On 15 April, the UK Defence Intelligence observed that Ukraine was forced to partly
withdraw from Bakhmut after a "renewed assault" by Russia. Meanwhile, Russia accuses
Ukraine of purposefully destroying the infrastructure during its withdrawal to slow down the movement of the Russian forces. Meanwhile, Ukrainian forces denied claims that the Wagner Group captured 80 per cent of the city.

On 15 April, Russia's Ministry of Defence reported on the Wagner Group's progress in capturing two more areas in Bakhmut. It stated: "Wagner assault units have successfully advanced, capturing two districts on the northern and southern outskirts of the city."

On 14 April, the Ukrainian forces reported on intense artillery attacks during the past "48 hours" in Bakhmut. The UK Ministry of Defence confirmed the same and disclosed the possibility of fresh attacks in Bakhmut as a result of "improved cooperation" between Russia's Ministry of Defence and the Wagner Group. According to the ministry, Russia's airborne forces (VDV) had replaced Wagner Group units in northern and southern zones.

Issues at large
First, Ukraine's reality check in Bakhmut. The Ukrainian forces have been able to withstand the long war against Russia in Bakhmut at the cost of a high death toll of nearly 20,000. According to NATO, for each Ukrainian, five Russian soldiers had been killed during the fight for Bakhmut. For Ukraine, preventing Russia from expanding its frontlines has been the key concern while preparing for subsequent fights in Kramatorsk and Sloviansk. Largely due to a lag in military support from the West, the fight for Bakhmut does not appear to be in Ukraine's favour.

Although it secured the Western Bakhmut during early 2023, since March, the combined attacks by the Wagner Group and the Russian special forces have forced it to pull out from Bakhmut.

Second, the Wagner Group's strategy. The Wagner Group focussed on the circling, and attacking along the northern and southern directions of Bakhmut with the support of the Russian forces. It had a disagreement with the Russian Ministry of Defence in March over the transfer of military equipment. However, it was later resolved, owing to the group's tactical and flexible approach, which included recruiting prisoners and using the available weaponry. It helped Russia in creating a buffer to mobilize and train additional recruits, resulting in engaging its special forces during the fight in Avdiivka and Sloviansk, pressurizing Ukraine and sealing Bakhmut.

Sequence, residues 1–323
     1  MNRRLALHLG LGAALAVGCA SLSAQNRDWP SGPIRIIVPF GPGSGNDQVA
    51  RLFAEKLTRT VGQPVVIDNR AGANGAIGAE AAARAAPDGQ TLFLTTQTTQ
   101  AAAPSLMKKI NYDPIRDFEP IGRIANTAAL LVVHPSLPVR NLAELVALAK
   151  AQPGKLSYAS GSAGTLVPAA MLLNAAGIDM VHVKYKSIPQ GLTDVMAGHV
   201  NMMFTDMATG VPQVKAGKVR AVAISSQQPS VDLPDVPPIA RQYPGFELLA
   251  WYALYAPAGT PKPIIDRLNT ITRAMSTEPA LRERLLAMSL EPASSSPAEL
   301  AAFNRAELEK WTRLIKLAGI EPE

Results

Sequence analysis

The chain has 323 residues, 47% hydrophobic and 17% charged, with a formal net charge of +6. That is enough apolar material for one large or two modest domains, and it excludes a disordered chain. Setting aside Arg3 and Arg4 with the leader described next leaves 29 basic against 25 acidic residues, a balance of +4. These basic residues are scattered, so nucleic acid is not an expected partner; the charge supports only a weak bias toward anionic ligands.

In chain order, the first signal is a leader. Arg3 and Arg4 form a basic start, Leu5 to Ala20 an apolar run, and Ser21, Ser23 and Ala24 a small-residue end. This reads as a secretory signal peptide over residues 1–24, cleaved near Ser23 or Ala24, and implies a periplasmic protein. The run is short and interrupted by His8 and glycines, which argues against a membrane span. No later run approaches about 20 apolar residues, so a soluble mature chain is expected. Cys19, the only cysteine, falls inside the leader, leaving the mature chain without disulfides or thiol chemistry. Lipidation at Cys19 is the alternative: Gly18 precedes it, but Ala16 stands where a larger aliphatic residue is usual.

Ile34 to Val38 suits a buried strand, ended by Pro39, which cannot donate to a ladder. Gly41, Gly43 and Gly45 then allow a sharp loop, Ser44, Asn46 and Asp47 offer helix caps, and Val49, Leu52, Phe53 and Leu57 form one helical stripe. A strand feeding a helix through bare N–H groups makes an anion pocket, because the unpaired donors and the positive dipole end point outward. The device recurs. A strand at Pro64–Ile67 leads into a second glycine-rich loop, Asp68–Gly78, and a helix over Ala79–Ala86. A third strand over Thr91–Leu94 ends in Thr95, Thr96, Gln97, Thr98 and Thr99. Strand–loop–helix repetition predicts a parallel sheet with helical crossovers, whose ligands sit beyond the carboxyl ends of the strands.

Third, the failure of a political process. Currently, more than 2,000 prisoners have been exchanged between Ukraine and Russia. The nature of these exchanges was at a bilateral level; however, other EU and non-EU countries, including Turkey and Saudi Arabia, have assisted only in a few exchanges. Besides, the United Nations High Commissioner for Refugees (UNHCR), International Committee of the Red Cross (ICRC) and other UN bodies were active only in transferring people within Ukraine to safer places. The US, EU member states and multiple international organizations have condemned Russia's forced deportation.

In perspective
First, the long war has cost both Ukraine and Russia. Winning Bakhmut does not pose a direct threat to Ukraine. However, it provides an on-ground advantage for Russia to access to Sloviansk and Kramatorsk. The success of this battle depends on two factors: How long Ukraine or Russia will take to recover from the losses to go forward for the next battle and which support both countries will receive.

Second, the focus of international organizations is yet to shift away from accusations against Russia and towards the prisoners and deported civilians. Mediation is yet to take place, especially over prisoner exchange. On the other hand, the US and the EU countries have been steel headed in providing military, economic, and humanitarian aid. This may have led to the failure to establish a process or dialogue to carry out the prisoner exchange. The missed focus has slowed the exchange, adding pressure on Ukraine to gather more human resources.

Issues in Peace and Conflict This Week:
Regional Roundups

Akriti Sharma, Ankit Singh, Rashmi Ramesh, Apoorva Sudhakar, Anu Maria Joseph, Femy Francis, Harini Madhusudan and Padmashree Anandhan

East and Southeast Asia
South Korea: President Yoon Suk Yeol hints on expanding support to Ukraine beyond humanitarian assistance